Mr Simms wants to pass on his skills but time could be running out.
“I’m 47 now so it’s the right time to take on an apprentice. It takes four and a half years to train an apprentice but they will need a total of 10 years working with me to learn the trade properly,” he says.
“The longer you can spend with a craftsman the better you will become yourself.”
A coopering apprenticeship does not exist and the company has been told to offer a joinery one instead.
“There clearly seems to be a problem,” says Felicity Woolf, director of UK operations with Creative and Cultural Skills, the sector skills council that looks after crafts.
Robin Wood makes bowls on a foot-powered lathe
“If companies and individuals were able to apply for a more generic “craft apprenticeship”, and then work out what specific areas of training are needed for their specific craft, then that would be more flexible.”
Creative and Cultural Skills is also launching an apprenticeship training service in April that promises to help small businesses in the sector cut through the bureaucracy of taking on a trainee.
“Less than 10% of people working came through an apprenticeship route. The vast majority are self-taught and most come into the sector aged between 25 and 30,” says Robin Wood, who is also the chairman of the recently launched Heritage Crafts Association.
It works with agencies in the education and learning sectors to identify and support ways to making sure skills are passed through the generations.
A recent survey carried out by the HCA points out the training concerns of people working within the many industries that make up the sector.
Training provision for those who want to make a living through crafts or improve their skills seems to vary widely across the board.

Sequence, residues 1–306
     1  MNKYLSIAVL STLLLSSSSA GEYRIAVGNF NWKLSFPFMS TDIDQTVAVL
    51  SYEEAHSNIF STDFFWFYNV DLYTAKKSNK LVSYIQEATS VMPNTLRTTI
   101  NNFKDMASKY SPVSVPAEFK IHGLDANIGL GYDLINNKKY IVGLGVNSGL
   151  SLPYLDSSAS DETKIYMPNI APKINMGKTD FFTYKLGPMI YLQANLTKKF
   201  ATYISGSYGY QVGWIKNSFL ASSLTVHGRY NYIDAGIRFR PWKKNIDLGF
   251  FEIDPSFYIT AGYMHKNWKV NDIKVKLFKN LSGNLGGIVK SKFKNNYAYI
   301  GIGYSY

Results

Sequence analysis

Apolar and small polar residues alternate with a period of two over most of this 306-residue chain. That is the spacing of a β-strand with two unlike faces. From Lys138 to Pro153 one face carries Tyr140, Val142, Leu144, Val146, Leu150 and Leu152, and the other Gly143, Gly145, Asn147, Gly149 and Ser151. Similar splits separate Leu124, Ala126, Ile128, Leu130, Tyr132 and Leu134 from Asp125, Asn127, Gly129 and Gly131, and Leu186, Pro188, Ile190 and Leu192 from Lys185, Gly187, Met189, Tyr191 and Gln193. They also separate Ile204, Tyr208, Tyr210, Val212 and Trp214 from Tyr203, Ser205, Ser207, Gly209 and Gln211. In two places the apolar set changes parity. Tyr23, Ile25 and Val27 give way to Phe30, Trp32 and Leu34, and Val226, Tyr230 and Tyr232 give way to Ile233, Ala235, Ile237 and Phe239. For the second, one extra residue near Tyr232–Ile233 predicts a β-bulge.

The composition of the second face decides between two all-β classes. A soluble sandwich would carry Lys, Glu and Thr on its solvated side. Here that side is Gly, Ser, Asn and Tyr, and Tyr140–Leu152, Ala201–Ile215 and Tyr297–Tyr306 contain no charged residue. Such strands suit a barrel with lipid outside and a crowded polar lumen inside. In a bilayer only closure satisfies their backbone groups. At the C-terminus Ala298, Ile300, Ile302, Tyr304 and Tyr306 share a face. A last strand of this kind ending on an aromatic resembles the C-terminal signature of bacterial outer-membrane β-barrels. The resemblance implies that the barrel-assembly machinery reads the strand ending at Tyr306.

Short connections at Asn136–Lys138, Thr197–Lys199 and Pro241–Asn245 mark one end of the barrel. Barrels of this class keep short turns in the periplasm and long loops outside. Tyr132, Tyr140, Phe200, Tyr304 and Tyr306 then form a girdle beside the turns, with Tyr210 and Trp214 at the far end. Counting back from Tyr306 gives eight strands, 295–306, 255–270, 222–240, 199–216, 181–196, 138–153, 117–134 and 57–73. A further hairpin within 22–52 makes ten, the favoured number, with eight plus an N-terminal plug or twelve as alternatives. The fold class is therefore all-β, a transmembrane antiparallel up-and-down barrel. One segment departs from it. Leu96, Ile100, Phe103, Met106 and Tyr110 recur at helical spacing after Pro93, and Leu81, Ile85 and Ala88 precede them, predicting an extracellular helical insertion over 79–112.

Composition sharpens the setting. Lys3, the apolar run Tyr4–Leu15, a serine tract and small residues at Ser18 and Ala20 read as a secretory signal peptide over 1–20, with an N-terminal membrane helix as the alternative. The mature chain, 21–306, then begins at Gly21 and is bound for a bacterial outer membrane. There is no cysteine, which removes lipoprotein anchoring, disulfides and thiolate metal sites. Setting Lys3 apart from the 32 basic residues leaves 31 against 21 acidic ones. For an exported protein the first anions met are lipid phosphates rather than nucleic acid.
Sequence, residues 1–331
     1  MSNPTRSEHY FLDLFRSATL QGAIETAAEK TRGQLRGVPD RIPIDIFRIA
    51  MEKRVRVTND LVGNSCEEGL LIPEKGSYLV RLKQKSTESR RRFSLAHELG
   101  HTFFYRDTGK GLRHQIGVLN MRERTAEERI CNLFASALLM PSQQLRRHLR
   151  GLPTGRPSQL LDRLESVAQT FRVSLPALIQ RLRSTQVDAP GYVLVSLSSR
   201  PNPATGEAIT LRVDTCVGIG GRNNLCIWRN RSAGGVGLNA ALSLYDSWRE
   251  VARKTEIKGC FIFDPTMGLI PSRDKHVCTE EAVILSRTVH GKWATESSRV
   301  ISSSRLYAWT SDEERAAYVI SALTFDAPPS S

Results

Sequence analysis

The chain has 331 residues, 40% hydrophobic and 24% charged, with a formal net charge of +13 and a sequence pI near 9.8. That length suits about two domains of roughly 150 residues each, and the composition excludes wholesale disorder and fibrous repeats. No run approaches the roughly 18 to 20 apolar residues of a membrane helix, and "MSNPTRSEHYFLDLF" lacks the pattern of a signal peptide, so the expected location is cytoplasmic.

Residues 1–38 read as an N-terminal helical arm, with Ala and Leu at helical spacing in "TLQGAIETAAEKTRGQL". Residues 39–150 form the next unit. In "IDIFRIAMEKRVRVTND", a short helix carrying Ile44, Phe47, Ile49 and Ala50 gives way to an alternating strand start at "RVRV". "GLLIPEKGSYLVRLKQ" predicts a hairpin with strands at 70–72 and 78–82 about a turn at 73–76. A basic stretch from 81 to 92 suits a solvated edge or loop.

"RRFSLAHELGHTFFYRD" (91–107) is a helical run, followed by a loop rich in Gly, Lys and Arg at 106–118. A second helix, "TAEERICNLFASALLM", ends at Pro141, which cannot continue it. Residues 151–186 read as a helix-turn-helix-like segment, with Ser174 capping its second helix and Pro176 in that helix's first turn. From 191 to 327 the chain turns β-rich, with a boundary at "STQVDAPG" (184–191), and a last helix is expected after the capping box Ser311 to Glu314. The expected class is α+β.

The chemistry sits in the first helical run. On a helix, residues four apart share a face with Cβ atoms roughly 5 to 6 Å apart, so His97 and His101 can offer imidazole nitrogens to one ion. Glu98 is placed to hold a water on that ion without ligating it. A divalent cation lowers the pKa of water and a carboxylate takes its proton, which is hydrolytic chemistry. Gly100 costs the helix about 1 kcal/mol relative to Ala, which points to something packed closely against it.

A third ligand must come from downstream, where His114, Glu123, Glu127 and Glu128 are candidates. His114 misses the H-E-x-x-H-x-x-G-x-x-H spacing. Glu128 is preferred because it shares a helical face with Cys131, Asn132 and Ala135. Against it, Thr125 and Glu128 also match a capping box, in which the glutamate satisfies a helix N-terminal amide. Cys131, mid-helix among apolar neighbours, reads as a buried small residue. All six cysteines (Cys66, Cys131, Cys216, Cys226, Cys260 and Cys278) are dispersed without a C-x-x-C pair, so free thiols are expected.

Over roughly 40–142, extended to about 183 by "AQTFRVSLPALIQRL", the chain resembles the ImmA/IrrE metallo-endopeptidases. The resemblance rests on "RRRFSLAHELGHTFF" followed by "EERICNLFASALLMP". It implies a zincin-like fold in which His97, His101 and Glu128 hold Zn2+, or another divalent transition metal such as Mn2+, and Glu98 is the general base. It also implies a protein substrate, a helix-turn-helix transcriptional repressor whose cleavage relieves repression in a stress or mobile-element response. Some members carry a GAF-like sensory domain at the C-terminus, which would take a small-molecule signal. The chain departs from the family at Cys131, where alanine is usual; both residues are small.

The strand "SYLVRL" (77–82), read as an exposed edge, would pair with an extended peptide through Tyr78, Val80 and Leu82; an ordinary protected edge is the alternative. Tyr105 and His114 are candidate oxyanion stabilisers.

For example, there are short courses and workshops for basketmakers, but little in the way of formal or structured learning, whereas City & Guilds and NVQ level qualifications are available for stoneworkers.
And those working in pottery and ceramics said degree courses in Scotland had already disappeared and that the rest of the UK was heading in the same direction.
The survey also suggests that 54% of people working in the sector feel the skills within their craft are in danger of dying out.
The HCA feels that the crisis faced by many traditional craftspeople is largely due to the fact that their crafts fall outside the remit of the current support agencies.
In England, for example, the Crafts Council supports contemporary crafts, whilst English Heritage’s remit is to protect the nation’s buildings and monuments, not knowledge and skills, Mr Wood argues.
The lathe belonging to Mr Wood’s predecessor, George Lailey, takes pride of place in the University of Reading’s Museum of English Rural Life.
“Whilst the last guy is working the skill isn’t classed as heritage, but when he dies it becomes heritage. Surely it’s far, far, cheaper to keep the skill alive rather than trying to set up a facsimile of it in a museum.”